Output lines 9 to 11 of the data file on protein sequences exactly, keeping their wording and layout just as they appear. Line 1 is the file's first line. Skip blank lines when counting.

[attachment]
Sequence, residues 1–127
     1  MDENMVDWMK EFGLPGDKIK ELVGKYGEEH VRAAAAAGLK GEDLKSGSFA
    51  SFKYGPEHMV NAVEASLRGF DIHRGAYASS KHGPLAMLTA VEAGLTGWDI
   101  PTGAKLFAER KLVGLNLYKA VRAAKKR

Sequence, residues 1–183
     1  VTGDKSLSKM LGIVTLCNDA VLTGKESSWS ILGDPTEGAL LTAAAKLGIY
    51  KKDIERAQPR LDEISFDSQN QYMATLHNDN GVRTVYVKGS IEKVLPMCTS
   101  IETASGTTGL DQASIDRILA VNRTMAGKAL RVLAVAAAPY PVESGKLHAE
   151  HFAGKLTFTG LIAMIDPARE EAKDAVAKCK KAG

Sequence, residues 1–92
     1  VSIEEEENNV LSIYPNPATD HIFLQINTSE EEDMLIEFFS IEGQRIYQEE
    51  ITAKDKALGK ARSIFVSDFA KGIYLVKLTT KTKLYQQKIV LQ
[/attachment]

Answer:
   151  HFAGKLTFTG LIAMIDPARE EAKDAVAKCK KAG

Sequence, residues 1–92
     1  VSIEEEENNV LSIYPNPATD HIFLQINTSE EEDMLIEFFS IEGQRIYQEE